Bayer has agreed to a $74 million settlement in a case where Plaintiffs alleged the drug maker violated antitrust laws by participating in pay-for-delay activities surrounding its drug Cipro. A class-action lawsuit charged Bayer Corporation, along with Barr Laboratories and other generic drug companies, with cheating consumers by unfairly restricting competition against its antibiotic prescription drug Ciprofloxacin (Cipro).
The scheme – which is common among Big Pharma companies – blocks consumer access to cheaper, generic versions of drugs by paying generic drug makers not to bring their alternative products to market. Just as the name implies, generic drug makers are paid to delay the debut of their drugs even after the patent on the more expensive brand-name drug has expired. This allows the manufacturer of the brand-name drug to keep raking in profits, while consumers pay for it out of their pocketbooks. In the Bayer litigation, the drug manufacturer paid the generic drug companies close to $400 million between 1997 and 2003 in exchange for their agreement not to introduce their own, cheaper generic versions of Cipro into the marketplace.
A U.S. Supreme Court decision handed down recently says pay-to-delay arrangements may be a violation of antitrust laws. The Federal Trade Commission (FTC) has been contending for some time that pay-to-delay is “presumptively illegal.” The Supreme Court ruling attempts to make a distinction between antitrust laws, which state that a corporation cannot block a rival from competition in the marketplace, and patent laws, which protect a company’s product from copycat products.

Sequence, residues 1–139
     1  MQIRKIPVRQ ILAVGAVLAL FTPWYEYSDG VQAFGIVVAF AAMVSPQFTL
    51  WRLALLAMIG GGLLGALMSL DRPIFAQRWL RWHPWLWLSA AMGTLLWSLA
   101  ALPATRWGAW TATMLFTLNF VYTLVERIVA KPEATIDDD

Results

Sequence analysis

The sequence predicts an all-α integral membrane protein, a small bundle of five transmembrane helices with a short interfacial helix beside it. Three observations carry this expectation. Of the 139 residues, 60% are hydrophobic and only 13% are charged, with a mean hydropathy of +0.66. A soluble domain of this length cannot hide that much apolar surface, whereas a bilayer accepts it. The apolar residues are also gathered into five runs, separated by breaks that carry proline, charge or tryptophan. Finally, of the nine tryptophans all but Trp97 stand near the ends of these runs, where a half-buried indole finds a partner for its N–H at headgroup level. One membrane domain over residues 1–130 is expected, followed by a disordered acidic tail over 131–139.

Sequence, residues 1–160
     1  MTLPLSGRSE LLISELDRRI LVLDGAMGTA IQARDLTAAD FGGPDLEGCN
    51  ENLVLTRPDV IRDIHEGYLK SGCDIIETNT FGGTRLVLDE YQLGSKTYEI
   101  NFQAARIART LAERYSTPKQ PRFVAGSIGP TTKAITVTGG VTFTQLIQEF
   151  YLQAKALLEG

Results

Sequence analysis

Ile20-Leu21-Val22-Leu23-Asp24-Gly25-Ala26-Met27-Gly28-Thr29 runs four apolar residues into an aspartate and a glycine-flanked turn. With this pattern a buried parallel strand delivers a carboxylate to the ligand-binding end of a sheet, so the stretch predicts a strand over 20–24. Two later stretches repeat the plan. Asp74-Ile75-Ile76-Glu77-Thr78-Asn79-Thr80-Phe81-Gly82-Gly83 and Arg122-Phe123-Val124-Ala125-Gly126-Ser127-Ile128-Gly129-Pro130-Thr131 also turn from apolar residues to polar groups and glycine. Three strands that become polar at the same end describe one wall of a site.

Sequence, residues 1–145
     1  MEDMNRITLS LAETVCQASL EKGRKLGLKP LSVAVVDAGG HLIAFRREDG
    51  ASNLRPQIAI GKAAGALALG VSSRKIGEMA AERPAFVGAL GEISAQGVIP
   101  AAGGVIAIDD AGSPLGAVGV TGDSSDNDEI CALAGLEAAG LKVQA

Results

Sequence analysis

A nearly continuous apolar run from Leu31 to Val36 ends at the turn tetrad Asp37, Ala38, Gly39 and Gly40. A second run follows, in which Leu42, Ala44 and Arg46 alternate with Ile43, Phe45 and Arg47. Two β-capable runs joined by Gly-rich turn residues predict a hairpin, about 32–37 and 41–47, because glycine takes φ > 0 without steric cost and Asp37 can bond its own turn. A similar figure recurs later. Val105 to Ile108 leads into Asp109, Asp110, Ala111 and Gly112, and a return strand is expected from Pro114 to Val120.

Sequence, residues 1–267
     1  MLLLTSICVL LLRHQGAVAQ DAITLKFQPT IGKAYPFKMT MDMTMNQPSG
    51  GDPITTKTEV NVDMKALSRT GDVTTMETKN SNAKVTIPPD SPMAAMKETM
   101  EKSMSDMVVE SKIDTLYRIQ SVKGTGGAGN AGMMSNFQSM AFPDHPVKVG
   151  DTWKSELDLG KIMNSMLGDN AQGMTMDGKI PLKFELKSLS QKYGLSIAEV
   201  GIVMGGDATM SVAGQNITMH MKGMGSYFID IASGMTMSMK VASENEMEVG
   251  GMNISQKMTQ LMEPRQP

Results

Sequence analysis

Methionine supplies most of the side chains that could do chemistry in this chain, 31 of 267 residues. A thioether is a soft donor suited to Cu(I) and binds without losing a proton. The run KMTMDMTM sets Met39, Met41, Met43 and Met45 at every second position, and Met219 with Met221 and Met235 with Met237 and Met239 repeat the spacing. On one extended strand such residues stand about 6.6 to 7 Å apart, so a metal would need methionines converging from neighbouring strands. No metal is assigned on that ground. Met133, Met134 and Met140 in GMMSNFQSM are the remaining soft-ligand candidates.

New brand-name drugs to hit the market are protected from generic competition with a patent for 20 years. As long as the patent remains valid, the brand-name drug company can continue to earn monopoly profits on the drug. Oftentimes, makers of generic drugs will try to challenge the validity of patents in order to get their copycat drugs on the market and bite into the brand-name profits. Typically the generics are much less expensive than brand name drugs and thus preferred by patients and insurance companies. The patent lawsuits waged by generic companies sometimes lead to the brand-name drug company offering to settle the lawsuits by paying the generic drug company to delay the launch of its copycat drug.
For example, Solvay Pharmaceuticals applied for a patent in 2000 for AndroGel, a topical gel to treat low testosterone levels. The patent protected the gel through 2020; however, the gel’s active ingredient – a synthetic testosterone – was not included in the patent. Watson Pharmaceuticals, a generic drug maker, announced it was developing a generic version of AndroGel. Fearful that the generic product would cut $125 million per year from its profits, Solvay offered Watson $19 million to $30 million a year to hold off on its generic product until 2015. The FTC then sued Watson and Solvay claiming the settlement violated antitrust laws. A federal judge and the U.S. 11th Circuit Court of Appeals sided with the drug companies. The U.S. Supreme Court sided with the FTC by a 5-3 ruling.
While the recent Supreme Court ruling doesn’t specifically ban pay-for-delay, it does provide a precedent that allows similar lawsuits to be filed on the basis of antitrust violations. On this one, the Supreme Court sided with the consumer and made it a little harder for Big Pharma to increase its bankroll at our expense.
Sources: Bloomberg, Los Angeles Times, and RightingInjustice.com